§ Sext. Exit Strategy reminds me of old folks who used to complain that hand-held calculators would deprive kids of the ability to do elementary math — only this is more dangerous: we think that you should know your way around the subway because you have actually explored it.

§ Nones. Mr Moses corrects the tendency to see what we want to see. We ought to see China as local Chinese leaders see it.

Party cadres know that Beijing’s leadership is largely composed of officials who have not been shy about using force when protests emerged. For example, the crushing of dissent that took place in Beijing and Tibet in 1989 is seen by Chinese decision-makers and the cadres they sponsor as creating the conditions for economic reform. Party members seem to be keenly aware that that those who supported the crackdowns were quickly helicoptered into high-level positions.

Many Chinese officials are quite sophisticated in their responses to threats to their governance, and they are not tone-deaf to technology. Cellphone service and Internet access were both blocked within a few hours of the first demonstrations in Xinjiang. When word of the unrest cascaded out, much of the news was artfully managed by officials. Friends of mine in Beijing received unsolicited messages on their cellphones that provided the government version of the unrest. Government representatives handed out discs with pictures taken by state news organizations.

(Yiyun Li’s The Vagrants, although set decades ago, dramatizes what increasingly looks like a textbook case of Beijing spin.)

§ Vespers. As we ran down the list, we began to think that we’d draw a complete blank, but then we reached the Ms: William Maxwell and Mary McCarthy, all of whose fiction we have read and trumpeted to our friends.

We did have Vera Caspary’s Laura for many years, but we never got round to reading it, and, because the rather cheap edition was incredibly bulky, we gave it away.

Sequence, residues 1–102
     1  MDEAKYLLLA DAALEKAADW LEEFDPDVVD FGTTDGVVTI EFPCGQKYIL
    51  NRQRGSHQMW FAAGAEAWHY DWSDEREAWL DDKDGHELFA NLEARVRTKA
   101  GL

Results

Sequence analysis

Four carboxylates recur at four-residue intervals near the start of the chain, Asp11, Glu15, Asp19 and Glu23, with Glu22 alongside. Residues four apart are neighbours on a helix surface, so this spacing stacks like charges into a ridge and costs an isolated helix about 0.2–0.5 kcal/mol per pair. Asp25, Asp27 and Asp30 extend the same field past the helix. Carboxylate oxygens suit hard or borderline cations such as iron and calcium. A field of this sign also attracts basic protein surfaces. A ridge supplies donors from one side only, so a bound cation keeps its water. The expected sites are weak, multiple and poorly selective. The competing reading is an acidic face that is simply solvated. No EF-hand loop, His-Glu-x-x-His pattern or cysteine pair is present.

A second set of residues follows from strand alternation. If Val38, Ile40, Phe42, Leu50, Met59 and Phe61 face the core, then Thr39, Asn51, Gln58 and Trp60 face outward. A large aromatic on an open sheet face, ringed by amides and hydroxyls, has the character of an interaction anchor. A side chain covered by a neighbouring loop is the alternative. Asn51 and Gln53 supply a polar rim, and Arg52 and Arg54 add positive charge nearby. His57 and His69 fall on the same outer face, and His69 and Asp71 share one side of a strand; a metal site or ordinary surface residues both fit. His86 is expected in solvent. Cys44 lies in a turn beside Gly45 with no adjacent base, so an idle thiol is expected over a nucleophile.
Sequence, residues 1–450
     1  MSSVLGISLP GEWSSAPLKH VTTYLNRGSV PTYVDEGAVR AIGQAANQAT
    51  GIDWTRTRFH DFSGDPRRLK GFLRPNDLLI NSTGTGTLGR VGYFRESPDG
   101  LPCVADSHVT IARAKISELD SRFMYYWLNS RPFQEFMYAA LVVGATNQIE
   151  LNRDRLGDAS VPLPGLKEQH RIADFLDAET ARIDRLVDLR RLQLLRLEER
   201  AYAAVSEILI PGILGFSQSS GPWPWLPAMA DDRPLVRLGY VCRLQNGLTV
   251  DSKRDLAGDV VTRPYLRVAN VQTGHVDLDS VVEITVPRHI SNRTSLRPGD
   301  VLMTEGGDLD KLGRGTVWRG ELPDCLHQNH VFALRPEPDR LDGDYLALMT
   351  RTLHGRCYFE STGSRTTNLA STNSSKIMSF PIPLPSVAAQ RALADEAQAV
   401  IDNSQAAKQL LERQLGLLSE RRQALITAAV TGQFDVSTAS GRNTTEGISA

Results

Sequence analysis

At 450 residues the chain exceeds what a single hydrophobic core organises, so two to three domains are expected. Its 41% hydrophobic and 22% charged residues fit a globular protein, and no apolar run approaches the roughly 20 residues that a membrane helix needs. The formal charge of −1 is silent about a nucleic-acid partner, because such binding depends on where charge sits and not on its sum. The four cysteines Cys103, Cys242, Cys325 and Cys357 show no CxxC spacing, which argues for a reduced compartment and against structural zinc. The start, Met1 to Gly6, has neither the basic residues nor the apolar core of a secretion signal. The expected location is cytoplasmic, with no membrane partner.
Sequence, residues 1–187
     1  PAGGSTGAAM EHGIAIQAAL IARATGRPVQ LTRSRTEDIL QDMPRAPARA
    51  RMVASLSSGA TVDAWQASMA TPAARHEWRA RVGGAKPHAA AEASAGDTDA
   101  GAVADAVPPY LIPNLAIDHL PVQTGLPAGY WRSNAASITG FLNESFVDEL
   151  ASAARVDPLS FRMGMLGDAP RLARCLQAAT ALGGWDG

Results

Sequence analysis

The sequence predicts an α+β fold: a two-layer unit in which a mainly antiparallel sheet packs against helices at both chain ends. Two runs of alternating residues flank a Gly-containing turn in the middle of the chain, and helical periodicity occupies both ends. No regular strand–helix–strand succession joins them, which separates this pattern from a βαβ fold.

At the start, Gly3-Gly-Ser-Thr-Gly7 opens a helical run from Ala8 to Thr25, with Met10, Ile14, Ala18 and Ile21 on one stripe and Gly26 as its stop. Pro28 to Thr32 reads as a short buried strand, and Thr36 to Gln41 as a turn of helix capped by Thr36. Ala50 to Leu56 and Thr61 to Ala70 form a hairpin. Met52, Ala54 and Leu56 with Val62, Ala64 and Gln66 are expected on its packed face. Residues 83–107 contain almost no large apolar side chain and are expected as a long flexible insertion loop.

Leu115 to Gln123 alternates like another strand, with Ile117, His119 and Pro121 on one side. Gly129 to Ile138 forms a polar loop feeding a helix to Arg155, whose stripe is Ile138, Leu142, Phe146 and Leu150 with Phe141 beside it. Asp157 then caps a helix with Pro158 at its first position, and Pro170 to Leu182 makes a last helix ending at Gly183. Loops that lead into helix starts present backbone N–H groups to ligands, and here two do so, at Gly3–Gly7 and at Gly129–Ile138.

§ Compline. As I wrote to George this afternoon, we need a Web log that scouts the world for buildings that are important for reasons other than the architectural, but especially homes that thinking people did their thinking in. Nancy Mitford had a house at Versailles — what kind of shape is that in? (It was certainly more modest than Elsie de Wolfe’s rahthah vulgar stadtpalais.

In case you’re looking for a weekend Web project, why don’t you try to find out when (in what year) the little town of Musikton — Salzburg — discovered that Mozart was its favorite son and a very bankable star. Hint: it wasn’t 1792, the year after the composer’s death. There were still Salzburgers in 1792, I’ve no doubt, who were only too pleased that the local potentate (an archbishop) had fired Mozart back in 1781 — with ein Tritt in den Hintern.  

At some point, however, the city fathers woke up. The first Salzburg Festival was founded in 1877. The one that we know was revived in 1920. The Villa Trianon, had Mozart grown up there, would have been long gone.

Small world note: Mozart might well have wound up at Versailles. He had played with Marie Antoinette (his senior by two months) at Schönnbrunn as a child, and perhaps that had something to do with his being offered (said he) the post of organist at the château, on his speculative but ultimately unsuccessful trip to Paris in 1777-1778.